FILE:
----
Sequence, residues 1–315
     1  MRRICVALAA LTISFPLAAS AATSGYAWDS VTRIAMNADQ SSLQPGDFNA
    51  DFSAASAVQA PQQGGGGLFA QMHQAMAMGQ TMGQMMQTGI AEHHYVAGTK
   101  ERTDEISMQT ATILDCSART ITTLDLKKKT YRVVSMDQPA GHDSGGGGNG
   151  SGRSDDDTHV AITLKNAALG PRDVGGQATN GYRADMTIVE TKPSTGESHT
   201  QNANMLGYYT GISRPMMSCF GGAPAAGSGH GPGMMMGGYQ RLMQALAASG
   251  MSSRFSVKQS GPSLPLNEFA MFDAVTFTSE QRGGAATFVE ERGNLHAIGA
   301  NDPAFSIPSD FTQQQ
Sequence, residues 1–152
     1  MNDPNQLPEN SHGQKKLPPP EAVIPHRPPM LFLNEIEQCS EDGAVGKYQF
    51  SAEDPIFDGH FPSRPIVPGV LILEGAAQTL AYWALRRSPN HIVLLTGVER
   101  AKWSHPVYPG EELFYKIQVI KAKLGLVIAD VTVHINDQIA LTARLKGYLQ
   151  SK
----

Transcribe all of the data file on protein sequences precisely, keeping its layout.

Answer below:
Sequence, residues 1–315
     1  MRRICVALAA LTISFPLAAS AATSGYAWDS VTRIAMNADQ SSLQPGDFNA
    51  DFSAASAVQA PQQGGGGLFA QMHQAMAMGQ TMGQMMQTGI AEHHYVAGTK
   101  ERTDEISMQT ATILDCSART ITTLDLKKKT YRVVSMDQPA GHDSGGGGNG
   151  SGRSDDDTHV AITLKNAALG PRDVGGQATN GYRADMTIVE TKPSTGESHT
   201  QNANMLGYYT GISRPMMSCF GGAPAAGSGH GPGMMMGGYQ RLMQALAASG
   251  MSSRFSVKQS GPSLPLNEFA MFDAVTFTSE QRGGAATFVE ERGNLHAIGA
   301  NDPAFSIPSD FTQQQ
Sequence, residues 1–152
     1  MNDPNQLPEN SHGQKKLPPP EAVIPHRPPM LFLNEIEQCS EDGAVGKYQF
    51  SAEDPIFDGH FPSRPIVPGV LILEGAAQTL AYWALRRSPN HIVLLTGVER
   101  AKWSHPVYPG EELFYKIQVI KAKLGLVIAD VTVHINDQIA LTARLKGYLQ
   151  SK